The Challenges of Civic Engagement in the 21st Century

By Darby Patterson
Center for Digital Government

The American public has become increasingly estranged from the culture and process of government at all levels. Evidence of America’s disengagement can be found at the polls – with over half of eligible citizens declining to use their right to vote.

As electronic government develops, there is great concern that people are not left further behind. That instead, they rediscover why government is relevant in their lives and why it is important to participate in civic life.

Experts believe that citizens are not aware of the variety of services delivered by government. They also believe that, once more services are online, the public will be have increased access to information about what departments and agencies do for the people they serve. Today, in the world of electronic government, people talk about “silos,” – meaning that agencies have built walls around themselves and operate in isolation, without a high degree of accountability. Analysts believe that information technology can make those walls transparent.

Although government provides abundant services – such as schools, transportation systems, health care and a wealth services that most people take for granted, citizens still don’t understand where their tax dollars go. And, this disconnect is particularly apparent among young people who can’t understand what government does for them.

Civic education of young people is a particular concern in the establishment of e-government. Sometimes viewed as irrelevant and even “boring,” an understanding of how government works is basic to becoming a fully engaged citizen. Resources on the Internet can make a topic that once seemed distant, more immediate and interesting. Students, with their natural aptitudes for technology, could help design a curriculum to capture their imaginations and interest. The Internet can change the dynamics of learning. The student no longer has to be passive. He or she can participate in learning – taking charge of searching the Web for answers and information.

This new medium seems to fit the style of today’s students. Experts have pointed out that young people tend to deal with the world from the “bottom up” while government operates from the “top down.” The Internet is bottom-up and a logical tool for engaging students in civic education.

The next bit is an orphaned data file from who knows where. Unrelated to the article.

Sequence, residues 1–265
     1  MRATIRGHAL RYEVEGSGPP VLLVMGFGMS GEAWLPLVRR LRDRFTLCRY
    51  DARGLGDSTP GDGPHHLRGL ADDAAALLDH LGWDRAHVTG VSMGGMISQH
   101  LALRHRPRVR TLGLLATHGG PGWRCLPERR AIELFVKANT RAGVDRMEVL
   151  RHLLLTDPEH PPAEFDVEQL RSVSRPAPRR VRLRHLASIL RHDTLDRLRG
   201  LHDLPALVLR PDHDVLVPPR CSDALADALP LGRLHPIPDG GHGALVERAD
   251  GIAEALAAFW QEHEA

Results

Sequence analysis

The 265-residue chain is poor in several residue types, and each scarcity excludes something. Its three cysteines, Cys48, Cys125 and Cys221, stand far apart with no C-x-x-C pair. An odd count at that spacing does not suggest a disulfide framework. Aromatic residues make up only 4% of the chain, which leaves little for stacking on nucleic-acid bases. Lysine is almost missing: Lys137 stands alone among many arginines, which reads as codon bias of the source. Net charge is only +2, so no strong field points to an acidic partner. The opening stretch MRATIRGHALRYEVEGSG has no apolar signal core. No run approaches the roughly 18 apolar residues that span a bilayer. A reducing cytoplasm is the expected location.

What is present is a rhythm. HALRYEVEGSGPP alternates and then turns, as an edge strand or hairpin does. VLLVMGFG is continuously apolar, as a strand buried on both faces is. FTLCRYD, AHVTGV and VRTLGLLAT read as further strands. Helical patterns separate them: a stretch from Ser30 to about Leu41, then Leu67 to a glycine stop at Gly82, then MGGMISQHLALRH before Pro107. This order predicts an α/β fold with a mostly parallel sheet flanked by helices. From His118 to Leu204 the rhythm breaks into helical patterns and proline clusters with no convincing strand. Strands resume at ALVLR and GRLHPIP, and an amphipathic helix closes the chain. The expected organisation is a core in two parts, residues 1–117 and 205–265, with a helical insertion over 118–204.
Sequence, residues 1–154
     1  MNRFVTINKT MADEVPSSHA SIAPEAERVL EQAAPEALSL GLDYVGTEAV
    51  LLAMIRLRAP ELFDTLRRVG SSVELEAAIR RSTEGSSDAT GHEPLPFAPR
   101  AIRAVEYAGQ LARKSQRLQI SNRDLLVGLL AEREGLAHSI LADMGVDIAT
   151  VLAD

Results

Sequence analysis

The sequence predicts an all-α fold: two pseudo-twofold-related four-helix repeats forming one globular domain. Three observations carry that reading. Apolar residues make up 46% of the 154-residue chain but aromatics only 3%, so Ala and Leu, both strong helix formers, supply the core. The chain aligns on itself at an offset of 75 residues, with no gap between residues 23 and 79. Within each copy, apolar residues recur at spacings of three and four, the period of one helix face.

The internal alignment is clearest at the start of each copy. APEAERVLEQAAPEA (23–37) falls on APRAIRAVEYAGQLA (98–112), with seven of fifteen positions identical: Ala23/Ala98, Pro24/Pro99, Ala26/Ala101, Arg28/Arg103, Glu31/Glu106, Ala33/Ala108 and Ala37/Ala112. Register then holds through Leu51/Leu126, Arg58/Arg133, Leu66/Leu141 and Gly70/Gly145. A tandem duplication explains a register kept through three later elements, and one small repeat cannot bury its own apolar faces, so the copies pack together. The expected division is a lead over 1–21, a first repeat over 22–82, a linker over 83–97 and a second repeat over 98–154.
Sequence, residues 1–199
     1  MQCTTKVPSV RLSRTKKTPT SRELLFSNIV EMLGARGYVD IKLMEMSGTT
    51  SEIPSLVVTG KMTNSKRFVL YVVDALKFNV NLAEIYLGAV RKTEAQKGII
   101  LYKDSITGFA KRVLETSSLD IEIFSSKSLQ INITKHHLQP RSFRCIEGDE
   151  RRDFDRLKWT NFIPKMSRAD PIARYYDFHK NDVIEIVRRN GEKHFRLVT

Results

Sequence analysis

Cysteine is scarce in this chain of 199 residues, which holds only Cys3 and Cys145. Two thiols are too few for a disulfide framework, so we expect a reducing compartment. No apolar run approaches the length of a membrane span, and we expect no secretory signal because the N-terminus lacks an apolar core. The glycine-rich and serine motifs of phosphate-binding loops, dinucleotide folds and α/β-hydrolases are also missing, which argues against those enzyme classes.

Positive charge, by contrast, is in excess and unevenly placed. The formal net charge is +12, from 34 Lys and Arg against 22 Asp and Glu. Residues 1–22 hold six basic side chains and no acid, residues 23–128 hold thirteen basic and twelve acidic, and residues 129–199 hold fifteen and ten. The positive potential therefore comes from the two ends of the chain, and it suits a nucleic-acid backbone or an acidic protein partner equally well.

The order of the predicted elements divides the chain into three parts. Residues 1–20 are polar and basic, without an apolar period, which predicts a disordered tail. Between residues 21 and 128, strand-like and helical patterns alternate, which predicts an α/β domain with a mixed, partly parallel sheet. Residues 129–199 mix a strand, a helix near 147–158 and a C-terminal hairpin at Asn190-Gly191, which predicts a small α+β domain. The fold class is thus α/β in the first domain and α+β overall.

However, it is important to recognize that civic engagement can take many forms. Although voting is a measure of participation, it is by no means the only way that people engage in civic life. Citizens from all ages and walks of life participate in their communities through volunteering at food banks and working in the nonprofit arena. What seems to matter is that citizens develop a sense of responsibility toward their community and develop some way to participate. Again, digital technologies can expand the universe of choices for people looking for ways to contribute to society. Governments, with their connections to community resources, can provide links to unlimited opportunities.

It is also important for governments to recognize the many avenues to disseminate information. Beyond the Internet there are handheld devices, digital phones, wireless, kiosks and new, emerging technologies. Electronic and digital tools should be available in multiple locations such as libraries, public and private schools, and through community and faith-based groups. Furthermore, given the public’s positive experience with the ease of the Internet, government services need to be accessible 24 hours a day, seven days a week.

Most government officials recognize they have a challenge on their hands. Over the past few decades, the public seems to have grown increasingly cynical about government. One way for people to express their distrust or dislike of government is to withhold their votes. However, they also express themselves on radio talk shows, in Internet chat rooms and on the editorial pages of the nation’s newspapers. Today, the climate of disengagement is palpable. Leaders of the e-government revolution are keen to seize the opportunity to use technology to create a more positive experience for the public.

The hope for the future is that the more transparent and relevant government becomes, the more citizens will participate. The Internet and electronic technologies are powerful tools that hold the potential to reverse the trend toward disengagement. Today’s students could be on the leading edge of this transformation.

Darby Patterson is Senior Analyst for the Center for Digital Democracy. This article was written exclusively for The Futures Channel by the CDG.

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